Albert H. Erlick, 88, formerly of Mt. Airy, a journalist, teacher and actor, died May 24 at Holy Cross Hospital in Fort Lauderdale, Fla., where he had been living for the past two years.

Mr. Erlick retired in 1994 as editor of the Jewish Exponent, a publication he had served for 24 years. During his editorship, he won awards for a series of editorials on the search for peace in the Middle East and for a series of articles on his visit to refuseniks in the former Soviet Union. He also was the recipient of the American Jewish Press Association’s annual award for journalistic integrity and a special award for the Exponent’s centennial anniversary edition, published in 1987.

He interviewed many world leaders, including multiple American presidents at the White House, and participated in many panels relating to political, social and religious unrest at home and abroad. He edited numerous articles and books and was a freelance writer.

He also taught journalism courses at his alma mater, Temple University, and served for several years on the board of directors of the Jewish Telegraphic Agency. He returned to journalism in 1998, serving for a year as acting editor of Washington Jewish Week.

Before coming to the Exponent, Mr. Erlick was editor of the weekly Motion Picture Exhibitor magazine, a national publication covering the film industry. He also was a co-founder of the Center City Philadelphian, which later would become Philadelphia Magazine.

As a member of the Jewish Community Relations Council Speakers Bureau he frequently lectured before synagogue groups and community organizations. Just weeks before his death, Mr. Erlick lectured on current events and politics at his community in Florida, drawing packed houses in a large auditorium.

All the while, he participated in his other lifelong love – the theater, performing in productions at People’s Light and Theatre Company, the Walnut Theatre, Cheltenham Playhouse, the Bourse, Neighborhood Players and Plays for Living in Philadelphia. He toured with national productions of “The Fantastiks” and “Julius Caesar,” among others, and – more recently – took to the stage in a Florida Children’s Theatre’s family series, performing in “Seussical” and “Mary Poppins” at 87 and 88 years old, respectively.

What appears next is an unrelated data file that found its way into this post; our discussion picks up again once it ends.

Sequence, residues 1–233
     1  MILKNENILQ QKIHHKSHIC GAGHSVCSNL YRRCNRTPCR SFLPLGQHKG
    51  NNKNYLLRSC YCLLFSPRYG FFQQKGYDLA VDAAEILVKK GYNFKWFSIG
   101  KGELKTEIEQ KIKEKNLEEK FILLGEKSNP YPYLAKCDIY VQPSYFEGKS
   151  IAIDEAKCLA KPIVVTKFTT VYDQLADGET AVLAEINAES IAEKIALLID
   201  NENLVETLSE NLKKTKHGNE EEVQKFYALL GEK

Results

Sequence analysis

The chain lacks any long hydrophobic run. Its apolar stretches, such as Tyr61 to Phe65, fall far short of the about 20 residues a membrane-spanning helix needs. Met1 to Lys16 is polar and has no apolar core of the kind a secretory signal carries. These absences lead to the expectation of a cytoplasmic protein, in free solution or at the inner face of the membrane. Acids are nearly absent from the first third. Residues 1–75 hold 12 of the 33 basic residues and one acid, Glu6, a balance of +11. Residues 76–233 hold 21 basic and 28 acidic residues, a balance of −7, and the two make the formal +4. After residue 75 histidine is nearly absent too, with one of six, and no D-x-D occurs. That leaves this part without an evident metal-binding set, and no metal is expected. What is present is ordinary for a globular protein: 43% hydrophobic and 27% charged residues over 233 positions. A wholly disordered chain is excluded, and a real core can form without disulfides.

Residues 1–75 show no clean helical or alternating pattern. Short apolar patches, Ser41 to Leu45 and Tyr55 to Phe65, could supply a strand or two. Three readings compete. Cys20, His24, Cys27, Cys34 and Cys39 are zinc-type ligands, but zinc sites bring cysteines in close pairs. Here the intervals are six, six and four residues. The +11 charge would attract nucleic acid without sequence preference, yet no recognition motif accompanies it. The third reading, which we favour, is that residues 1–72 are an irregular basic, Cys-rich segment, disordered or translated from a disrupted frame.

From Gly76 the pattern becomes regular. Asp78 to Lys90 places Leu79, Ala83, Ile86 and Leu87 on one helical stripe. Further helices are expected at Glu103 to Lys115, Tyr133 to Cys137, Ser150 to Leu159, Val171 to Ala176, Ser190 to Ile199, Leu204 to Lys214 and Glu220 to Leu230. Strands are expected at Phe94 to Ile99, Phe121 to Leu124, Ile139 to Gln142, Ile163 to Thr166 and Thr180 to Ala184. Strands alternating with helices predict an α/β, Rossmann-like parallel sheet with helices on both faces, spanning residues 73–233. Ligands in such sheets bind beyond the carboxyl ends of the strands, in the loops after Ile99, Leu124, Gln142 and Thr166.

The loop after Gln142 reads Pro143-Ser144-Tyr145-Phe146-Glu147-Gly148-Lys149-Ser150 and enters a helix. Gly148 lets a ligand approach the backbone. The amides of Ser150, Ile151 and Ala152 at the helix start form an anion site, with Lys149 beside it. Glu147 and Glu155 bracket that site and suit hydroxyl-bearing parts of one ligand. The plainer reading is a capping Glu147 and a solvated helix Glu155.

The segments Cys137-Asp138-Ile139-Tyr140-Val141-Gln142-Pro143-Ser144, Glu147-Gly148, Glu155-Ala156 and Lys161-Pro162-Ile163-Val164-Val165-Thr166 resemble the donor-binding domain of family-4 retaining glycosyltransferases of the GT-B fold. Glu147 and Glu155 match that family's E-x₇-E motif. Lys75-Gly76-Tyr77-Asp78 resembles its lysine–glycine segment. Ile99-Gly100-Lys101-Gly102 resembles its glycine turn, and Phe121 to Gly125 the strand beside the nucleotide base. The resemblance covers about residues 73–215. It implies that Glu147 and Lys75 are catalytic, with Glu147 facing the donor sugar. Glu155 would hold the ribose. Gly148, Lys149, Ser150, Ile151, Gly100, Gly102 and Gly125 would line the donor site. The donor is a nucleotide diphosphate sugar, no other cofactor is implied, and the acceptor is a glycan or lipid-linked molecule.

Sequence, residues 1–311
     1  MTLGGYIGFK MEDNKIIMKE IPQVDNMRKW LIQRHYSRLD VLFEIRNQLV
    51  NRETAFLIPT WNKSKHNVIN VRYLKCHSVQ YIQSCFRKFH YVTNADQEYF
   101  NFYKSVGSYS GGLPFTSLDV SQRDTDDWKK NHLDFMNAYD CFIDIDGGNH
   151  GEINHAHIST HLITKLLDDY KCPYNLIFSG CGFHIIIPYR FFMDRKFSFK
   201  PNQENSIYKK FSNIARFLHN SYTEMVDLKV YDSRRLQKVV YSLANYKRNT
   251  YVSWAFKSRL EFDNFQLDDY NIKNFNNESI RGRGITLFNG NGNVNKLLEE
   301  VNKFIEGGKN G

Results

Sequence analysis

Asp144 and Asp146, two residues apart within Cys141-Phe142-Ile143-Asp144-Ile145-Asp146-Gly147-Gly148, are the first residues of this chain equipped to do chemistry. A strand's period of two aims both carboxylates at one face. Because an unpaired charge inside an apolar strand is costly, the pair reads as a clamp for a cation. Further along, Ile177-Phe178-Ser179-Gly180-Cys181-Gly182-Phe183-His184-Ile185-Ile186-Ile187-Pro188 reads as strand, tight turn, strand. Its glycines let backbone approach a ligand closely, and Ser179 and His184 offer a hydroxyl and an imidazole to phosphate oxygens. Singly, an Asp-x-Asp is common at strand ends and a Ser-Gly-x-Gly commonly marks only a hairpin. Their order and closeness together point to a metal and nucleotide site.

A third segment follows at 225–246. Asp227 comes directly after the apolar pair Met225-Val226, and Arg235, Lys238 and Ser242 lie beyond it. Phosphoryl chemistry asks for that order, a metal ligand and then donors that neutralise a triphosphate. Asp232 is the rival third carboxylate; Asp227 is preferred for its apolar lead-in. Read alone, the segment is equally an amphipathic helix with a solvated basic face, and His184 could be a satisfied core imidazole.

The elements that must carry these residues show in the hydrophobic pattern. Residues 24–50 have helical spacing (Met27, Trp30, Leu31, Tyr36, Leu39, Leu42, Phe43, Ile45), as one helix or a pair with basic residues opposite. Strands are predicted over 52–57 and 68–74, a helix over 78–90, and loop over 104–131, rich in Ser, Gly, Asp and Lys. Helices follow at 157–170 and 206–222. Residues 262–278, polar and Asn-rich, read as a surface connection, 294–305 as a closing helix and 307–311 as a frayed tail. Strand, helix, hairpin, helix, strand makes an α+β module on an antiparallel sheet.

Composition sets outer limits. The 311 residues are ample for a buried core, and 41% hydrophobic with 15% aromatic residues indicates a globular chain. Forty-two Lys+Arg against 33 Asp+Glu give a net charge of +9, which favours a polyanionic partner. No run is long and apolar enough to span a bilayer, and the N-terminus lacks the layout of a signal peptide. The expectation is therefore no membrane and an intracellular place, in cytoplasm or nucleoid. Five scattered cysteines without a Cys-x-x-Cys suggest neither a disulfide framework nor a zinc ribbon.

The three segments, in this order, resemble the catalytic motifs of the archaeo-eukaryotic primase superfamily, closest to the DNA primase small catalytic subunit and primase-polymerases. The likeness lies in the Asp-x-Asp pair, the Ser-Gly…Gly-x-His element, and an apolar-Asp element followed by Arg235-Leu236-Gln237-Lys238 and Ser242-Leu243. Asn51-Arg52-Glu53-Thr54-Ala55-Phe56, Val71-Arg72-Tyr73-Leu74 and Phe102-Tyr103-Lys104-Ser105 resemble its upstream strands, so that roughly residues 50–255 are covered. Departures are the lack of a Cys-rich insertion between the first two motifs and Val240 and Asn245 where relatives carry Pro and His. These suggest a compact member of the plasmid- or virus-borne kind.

Before moving to Florida, he worked for a time at Penguin Photos in Chestnut Hill.

Born in Cleveland, Mr. Erlick moved with his family to Philadelphia in 1935. He was a graduate of Olney High School and Temple University, where he received a bachelor’s degree in journalism. He served in the Army with the first occupational troops in Japan under General Douglas MacArthur immediately following World War II.

A lifelong baseball fan, he never stopped rooting for the Cleveland Indians, with the Phillies a close second. He also enjoyed playing cards.

He is survived by his wife of 54 years, Barbara; a daughter, Janet, of Fort Lauderdale; a son, Kenneth, of Portland, Ore.; a sister, Mickey Zacher; a brother, Samuel Dolnick; and five grandchildren.

A celebration of Mr. Erlick’s  life will be held at 4 p.m. Sunday, June 25, at the Ethical Society of Philadelphia, 1906 Rittenhouse Square in Center City Philadelphia. Memorial donations may be made to the Florida Children’s Theatre ( or to the International Center for Journalists ( – WF